They called him back and he was able to choose which “ride” he wanted. He chose a taxi.
She began separating his hair and working on brushing it through, which, he had no problem with even though she had to work out several snarls just to section it off properly.
She made a tiny ponytail and then, very ceremoniously and sweetly, chopped it off and handed it to me. I was busy snapping pictures, but tried my best to stay in the moment long enough to truly realize the importance of what just happened.
Liam’s reaction to seeing his ponytail in my hands was a quick gasp with saucer eyes, grabbing the back of his head, then with a big smile, saying “what?!?! My ponytail is cut off!!” I asked him if he was okay with that and he started giggling and looking at himself in the mirror. I took that as a yes. It was all okay.
She asked me what I was going for and I showed her the picture below. This was Liam when he was about 2 1/2, right before his hair was no longer easy to manage.
Long enough for a ponytail in the back, but short enough to style easily, barely needing a comb and short enough in the front to stay out of his eyes. She casually nodded and got to work. She was done really quickly, and Liam did amazing. He was still when she told him to be still, he was excited, he didn’t mind the scissors, the snipping or the disappearance of almost a foot of hair.
When it was all over, she styled it, put some product in it and taught me how to do it. She explained why his hair was so damaged and dry and shared with me the biology of curly hair and how it’s very different from straight hair, how it needs to be cared for differently and managed differently. She also backed up my decision to cut it, saying it would only have gotten worse because of how dry it was and that the dryness was directly related to the length and that his ultra-fine baby hair was still there.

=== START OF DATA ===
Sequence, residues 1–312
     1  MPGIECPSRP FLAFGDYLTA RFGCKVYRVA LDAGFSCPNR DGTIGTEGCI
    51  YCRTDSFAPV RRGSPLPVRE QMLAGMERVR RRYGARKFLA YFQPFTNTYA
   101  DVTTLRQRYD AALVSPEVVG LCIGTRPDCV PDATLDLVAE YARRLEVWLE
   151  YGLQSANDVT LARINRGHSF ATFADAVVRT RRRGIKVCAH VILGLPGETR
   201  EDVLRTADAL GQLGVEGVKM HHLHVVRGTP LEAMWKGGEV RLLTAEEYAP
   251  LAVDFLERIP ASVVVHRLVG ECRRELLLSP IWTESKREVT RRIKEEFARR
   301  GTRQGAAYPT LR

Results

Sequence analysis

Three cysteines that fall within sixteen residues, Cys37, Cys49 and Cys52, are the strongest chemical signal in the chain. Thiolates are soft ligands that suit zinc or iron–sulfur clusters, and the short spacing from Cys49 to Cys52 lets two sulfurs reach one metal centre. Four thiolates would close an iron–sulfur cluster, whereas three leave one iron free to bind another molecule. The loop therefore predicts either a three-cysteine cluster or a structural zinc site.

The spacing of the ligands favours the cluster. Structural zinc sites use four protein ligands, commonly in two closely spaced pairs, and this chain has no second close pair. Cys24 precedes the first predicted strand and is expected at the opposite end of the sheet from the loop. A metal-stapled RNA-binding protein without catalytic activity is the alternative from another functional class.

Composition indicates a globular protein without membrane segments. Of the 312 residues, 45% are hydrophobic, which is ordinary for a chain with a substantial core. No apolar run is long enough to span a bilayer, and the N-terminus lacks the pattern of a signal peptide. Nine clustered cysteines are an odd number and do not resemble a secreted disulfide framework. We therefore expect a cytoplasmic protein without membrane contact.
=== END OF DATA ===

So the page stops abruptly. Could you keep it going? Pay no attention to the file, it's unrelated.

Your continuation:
She removed his apron and told him to look at the mirror. His expression was priceless and his reaction was even better.
“I look FABULOUS!”, he squealed.
I asked, “so you are happy with your short hair?”
He said, “Yes!! It’s GREAT! I LOVE IT!!”
He jumped out of his taxi chair and ran to go show daddy and play with his sister in the play area.
That was that. Milestone reached and life moved on.
I made it through with only a few tears, but mostly giggling alongside him because he had such a great time. I was thankful for the stylist and the experience they provided. It was totally worth it. They gave me a little commemorative card with a tiny curl locked up in it to save for his baby book that had the stylist’s name, the date, his age and the standard “My First Haircut” certificate.
After, we took him out for pizza and ice cream at Farrell’s Ice Cream Parlor to celebrate, where he got a phone call from his Aunt Tina to talk about his awesome new hair. He loved getting a special phone call and at one point was so excited to talk to her, he didn’t realize he had hung up on her.
After lunch, we headed to the outdoor mall where he and Lottie got to play in the playground, ride the train and run around puddle-jumping in the pouring rain.
When we got home, everyone was exhausted and very happy. It was a great day. One of the best in a long time. I made it through one of the milestone moments I swore I’d never do and I was even happy about it.
I guess we both grew a little…